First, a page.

Turbine Center Frame

GE Additive
Cheltenham, UK
The turbine center frame serves as a duct for the hot gas that flows from the high-pressure turbine into the low-pressure turbine.

One significant research initiative underway to develop more fuel-efficient air transport technologies for the earliest possible deployment is the European Commission and European aerospace industry-funded Clean Sky 2 Program, now entering its final phase. Its successor Clean Aviation was launched in February 2021.

The Clean Sky 2 program is made up of key industry players and subject matter experts along with academic research bodies across Europe. The program is integrating, demonstrating, and validating technologies capable of reducing CO2 emissions as well as nitrous oxide (NOx) and noise emissions by up to 30 percent compared to the most fuel-efficient commercial aircraft that were in service in 2014. Another goal is to develop a strong and globally competitive aeronautical industry and supply chain in Europe.

Based in Munich, Germany, the GE Aerospace Advanced Technology (GE AAT) team leads three core partnerships in the Clean Sky 2 program to identify engine hardware, benefits, design, manufacturing process and; connected to the program’s goals, collaborate closely with GE Aerospace’s sites in Italy, Czech Republic, Poland and Turkey, as well as external partners. One of the GE AAT Munich-led partnerships is the Turbine Technology Project (TURN), which was set up to accelerate technology maturation for future aero engines.

And in response to a Clean Sky 2 call for proposals, in 2018 a consortium of Hamburg University of Technology (TUHH), TU Dresden (TUD) and technology company Autodesk, was selected to support GE AAT Munich for the design and manufacturing of a large-scale metal additive manufacturing component – the Advanced Additive Integrated Turbine Centre Frame (TCF) casing – the MONACO project. This also included the design and production of coupons and critical parts, validation and qualification, and the final delivery of the full-sized metal 3D-printed casing.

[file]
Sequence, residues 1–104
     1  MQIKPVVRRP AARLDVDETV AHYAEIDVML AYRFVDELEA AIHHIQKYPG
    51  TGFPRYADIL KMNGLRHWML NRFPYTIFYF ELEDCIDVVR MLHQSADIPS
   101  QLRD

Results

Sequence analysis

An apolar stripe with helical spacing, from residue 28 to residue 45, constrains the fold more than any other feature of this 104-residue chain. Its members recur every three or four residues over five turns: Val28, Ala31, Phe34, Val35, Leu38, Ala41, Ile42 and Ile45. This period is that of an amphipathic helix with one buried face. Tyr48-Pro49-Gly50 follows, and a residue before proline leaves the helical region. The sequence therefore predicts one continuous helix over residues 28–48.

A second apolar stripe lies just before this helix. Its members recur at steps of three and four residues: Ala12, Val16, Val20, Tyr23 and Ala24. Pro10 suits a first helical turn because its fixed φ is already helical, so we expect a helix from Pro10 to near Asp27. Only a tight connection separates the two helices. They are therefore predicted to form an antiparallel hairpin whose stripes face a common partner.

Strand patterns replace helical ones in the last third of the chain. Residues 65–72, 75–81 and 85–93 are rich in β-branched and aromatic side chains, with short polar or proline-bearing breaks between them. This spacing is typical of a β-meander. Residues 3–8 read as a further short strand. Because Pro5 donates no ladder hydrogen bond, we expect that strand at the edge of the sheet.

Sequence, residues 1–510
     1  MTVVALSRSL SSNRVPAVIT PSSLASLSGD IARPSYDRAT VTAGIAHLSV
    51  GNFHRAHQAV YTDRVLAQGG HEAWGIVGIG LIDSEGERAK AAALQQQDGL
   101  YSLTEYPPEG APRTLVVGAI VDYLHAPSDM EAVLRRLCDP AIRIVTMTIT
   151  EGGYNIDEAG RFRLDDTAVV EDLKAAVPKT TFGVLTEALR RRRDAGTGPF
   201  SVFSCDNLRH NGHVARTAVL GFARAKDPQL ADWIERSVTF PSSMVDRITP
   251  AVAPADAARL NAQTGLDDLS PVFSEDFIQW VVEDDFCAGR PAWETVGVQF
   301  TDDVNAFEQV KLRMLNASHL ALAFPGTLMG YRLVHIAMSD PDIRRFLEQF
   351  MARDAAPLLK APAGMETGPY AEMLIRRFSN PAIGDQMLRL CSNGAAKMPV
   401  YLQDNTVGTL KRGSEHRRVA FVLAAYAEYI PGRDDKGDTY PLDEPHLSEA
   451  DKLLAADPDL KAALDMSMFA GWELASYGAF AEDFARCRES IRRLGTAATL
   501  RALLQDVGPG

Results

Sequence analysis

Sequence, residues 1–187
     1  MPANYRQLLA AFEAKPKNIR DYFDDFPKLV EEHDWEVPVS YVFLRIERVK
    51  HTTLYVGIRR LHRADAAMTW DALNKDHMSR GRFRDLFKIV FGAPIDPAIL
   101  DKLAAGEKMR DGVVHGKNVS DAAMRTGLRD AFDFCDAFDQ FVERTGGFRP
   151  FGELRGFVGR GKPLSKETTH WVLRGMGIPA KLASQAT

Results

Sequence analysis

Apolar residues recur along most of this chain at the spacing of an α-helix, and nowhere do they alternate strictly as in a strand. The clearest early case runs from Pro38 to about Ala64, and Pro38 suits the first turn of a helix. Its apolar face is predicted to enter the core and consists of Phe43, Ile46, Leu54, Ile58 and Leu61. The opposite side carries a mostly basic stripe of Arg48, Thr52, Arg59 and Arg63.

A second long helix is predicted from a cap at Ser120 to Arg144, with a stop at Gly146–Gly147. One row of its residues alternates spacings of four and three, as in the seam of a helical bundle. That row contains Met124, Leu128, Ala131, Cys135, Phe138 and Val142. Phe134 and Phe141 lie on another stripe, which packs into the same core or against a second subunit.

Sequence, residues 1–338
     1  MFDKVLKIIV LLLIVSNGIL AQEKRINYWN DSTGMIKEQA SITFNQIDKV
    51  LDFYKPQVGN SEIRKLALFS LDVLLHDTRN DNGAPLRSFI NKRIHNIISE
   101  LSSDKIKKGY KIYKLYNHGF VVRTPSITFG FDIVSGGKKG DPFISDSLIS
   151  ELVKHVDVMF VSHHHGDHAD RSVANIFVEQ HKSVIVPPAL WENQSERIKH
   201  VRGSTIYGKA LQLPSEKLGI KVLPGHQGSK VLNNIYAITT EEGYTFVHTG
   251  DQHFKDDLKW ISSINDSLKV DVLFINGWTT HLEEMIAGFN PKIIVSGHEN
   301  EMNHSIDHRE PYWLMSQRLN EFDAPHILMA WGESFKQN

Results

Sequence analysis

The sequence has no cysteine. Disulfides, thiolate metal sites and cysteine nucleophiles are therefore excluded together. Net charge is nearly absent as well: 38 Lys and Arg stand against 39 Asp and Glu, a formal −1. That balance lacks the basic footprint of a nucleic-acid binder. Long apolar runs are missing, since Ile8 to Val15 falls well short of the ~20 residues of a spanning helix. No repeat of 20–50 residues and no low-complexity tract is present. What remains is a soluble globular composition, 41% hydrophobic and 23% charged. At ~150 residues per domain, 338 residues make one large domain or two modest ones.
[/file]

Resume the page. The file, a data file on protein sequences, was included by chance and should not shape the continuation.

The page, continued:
After almost six years in R&D and engineering, the large-format TCF casing design using GE Additive’s Direct Metal Laser Melting (DMLM) technology in nickel alloy 718 was recently unveiled by the consortium. The TCF casing is one of largest additively manufactured parts produced for the aerospace industry. The additively manufactured TCF casing is designed for narrow-body engines in which the part is approximately one meter or more in diameter.

“We wanted to reduce the weight of the part by 25 percent but also improve the pressure losses of the secondary air flow as well as a strong reduction in part count to improve maintenance,” said Dr. Günter Wilfert, GE AAT Munich’s Technology and Operations Manager. “Those targets were achieved and surpassed. We were able to reduce the weight by 30 percent in the end. The team also reduced the manufacturing lead time from nine months to two and a half months, by approximately 75 percent. Over 150 separate parts that make up a conventional turbine center frame casing have been consolidated into one single-piece design.”

The turbine center frame, an inherent component of modern, turbofan aircraft engines, serves as a duct for the hot gas that flows from the high-pressure turbine into the low-pressure turbine. Conventionally, they are manufactured by casting and/or forging, followed by additional machining steps.

This new additive manufacturing design solution on engine frames is not limited to turbine center frames for future engines; it can be leveraged to existing and legacy engine center frames. The proposed design features can also be transferred and/or scaled to turbine rear frames (TRF), low pressure turbine casings and turbine mid frames (TMF).

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